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PHARMACY LECTURERS EXPLORE ACADEMIC AND CLINICAL PHARMACY STRATEGIES AT INDIAN COLLEGE WEBINAR

Two of our lecturers from the Faculty of Pharmacy have continued the QIU tradition of sharing their valuable expertise with international audiences during a webinar hosted by a pharmacy college from India.

Head of the Department of Pharmaceutics and Pharmaceutical Technology Assoc. Prof. Dr Mahibub Mahamadsa Kanakal and FOP lecturer Khairulanwar Husain were invited to speak during an international webinar titled “Recent Strategies in Academics and Clinical Pharmacy in the Present Scenario of Covid-19 Pandemic”.

Organised by the Veda College of Pharmacy in India, this was the second event of its kind after FOP Dean Prof Datuk Dr Allan Mathews conducted a webinar for the students of India’s St Mary College of Pharmacy in mid-June.

Over 1,100 students and academics attended today’s webinar, which was kicked off by Dr Mahibub’s talk on ‘Online Teaching and Learning Challenges in Pharmacy Education’.

Dr Mahibub noted that online education should not be viewed as a phasing out of lecturers, but rather as a tool to support them. By addressing the inherent challenges faced by students and educators, he explained that online education could still be effective.

Educators, he said, needed to maintain students’ motivation and active classroom dynamics while also keeping things personable. At the same time, they also needed to understand students requirements, such as connectivity issues.

Meanwhile, Khairulanwar explored the ‘Roles of Pharmacists in Managing the Covid-19 Pandemic’, which included the contributions of community, clinical/hospital and pharmacists in the government among others.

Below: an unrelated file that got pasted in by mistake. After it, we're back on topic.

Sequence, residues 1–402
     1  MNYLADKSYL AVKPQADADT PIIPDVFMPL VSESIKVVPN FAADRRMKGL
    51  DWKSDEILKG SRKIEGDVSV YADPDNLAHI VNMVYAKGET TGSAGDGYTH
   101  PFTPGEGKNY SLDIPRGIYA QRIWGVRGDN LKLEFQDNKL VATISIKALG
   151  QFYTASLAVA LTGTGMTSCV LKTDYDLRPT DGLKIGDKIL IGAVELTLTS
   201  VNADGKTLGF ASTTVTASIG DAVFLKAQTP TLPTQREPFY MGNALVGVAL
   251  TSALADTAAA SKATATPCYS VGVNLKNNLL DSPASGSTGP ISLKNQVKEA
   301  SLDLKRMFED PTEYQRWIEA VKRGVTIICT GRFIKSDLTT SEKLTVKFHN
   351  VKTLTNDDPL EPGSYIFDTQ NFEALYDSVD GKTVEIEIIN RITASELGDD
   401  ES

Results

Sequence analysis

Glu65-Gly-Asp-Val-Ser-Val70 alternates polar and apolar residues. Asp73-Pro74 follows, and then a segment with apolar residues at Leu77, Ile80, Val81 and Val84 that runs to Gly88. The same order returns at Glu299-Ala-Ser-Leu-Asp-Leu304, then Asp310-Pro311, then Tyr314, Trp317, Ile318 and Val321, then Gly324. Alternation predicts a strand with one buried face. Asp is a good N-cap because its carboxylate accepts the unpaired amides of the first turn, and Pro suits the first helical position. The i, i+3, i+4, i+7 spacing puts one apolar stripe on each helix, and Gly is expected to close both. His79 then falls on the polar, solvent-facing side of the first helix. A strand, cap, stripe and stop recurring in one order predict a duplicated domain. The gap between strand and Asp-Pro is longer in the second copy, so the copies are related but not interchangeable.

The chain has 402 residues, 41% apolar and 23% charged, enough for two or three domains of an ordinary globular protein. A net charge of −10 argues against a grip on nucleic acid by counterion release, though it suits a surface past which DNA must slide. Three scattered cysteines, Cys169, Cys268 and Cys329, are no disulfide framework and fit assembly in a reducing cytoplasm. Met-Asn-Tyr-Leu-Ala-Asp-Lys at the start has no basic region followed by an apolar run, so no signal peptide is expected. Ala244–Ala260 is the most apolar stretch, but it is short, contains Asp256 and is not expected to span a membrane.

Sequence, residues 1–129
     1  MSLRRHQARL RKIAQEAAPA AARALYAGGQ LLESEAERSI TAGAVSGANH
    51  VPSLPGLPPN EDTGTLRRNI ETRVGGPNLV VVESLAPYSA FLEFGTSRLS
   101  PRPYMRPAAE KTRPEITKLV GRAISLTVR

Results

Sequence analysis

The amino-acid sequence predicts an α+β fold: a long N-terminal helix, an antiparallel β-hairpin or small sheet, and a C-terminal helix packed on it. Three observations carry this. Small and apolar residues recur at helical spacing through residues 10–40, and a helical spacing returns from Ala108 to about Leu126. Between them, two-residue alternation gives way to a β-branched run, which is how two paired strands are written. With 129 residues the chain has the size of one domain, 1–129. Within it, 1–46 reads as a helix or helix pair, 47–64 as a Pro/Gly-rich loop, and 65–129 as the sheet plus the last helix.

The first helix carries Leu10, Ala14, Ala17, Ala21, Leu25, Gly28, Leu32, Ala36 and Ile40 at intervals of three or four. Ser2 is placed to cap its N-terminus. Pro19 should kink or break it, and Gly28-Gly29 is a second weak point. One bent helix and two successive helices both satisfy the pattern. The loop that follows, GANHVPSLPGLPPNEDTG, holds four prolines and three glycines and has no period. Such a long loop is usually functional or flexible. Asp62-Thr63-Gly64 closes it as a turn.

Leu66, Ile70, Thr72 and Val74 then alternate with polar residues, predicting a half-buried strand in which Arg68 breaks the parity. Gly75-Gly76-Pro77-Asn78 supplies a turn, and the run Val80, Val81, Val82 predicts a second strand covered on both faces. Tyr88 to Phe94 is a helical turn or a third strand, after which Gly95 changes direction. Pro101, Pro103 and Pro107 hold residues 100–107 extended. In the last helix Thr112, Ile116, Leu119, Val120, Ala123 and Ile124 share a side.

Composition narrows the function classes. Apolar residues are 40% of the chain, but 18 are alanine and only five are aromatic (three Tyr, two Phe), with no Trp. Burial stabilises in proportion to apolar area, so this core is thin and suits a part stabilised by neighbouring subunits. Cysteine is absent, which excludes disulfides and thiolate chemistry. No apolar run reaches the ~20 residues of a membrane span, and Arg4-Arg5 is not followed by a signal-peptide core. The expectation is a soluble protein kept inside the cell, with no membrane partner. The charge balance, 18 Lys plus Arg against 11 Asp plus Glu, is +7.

Overall, pharmacists ensured the reliability of information, the supply of medicine and its safe use, and identifying the population that needed support.

Community pharmacists, he said, served the public as a direct point of access that ensured an uninterrupted supply of medicine. Meanwhile, clinical and hospital pharmacists handled management, infection control, patient care, medicine supply and ward services.

At the same time, pharmacists in the government helped to formulate policies at a time with the health system was overburdened.

The talk also highlighted QIU’s approach to online education and the unique Real World Holistic Pharmacy Education offered by the FOP.

Well done to our academics for sharing their expertise with the international community once again – we’re so proud of you!

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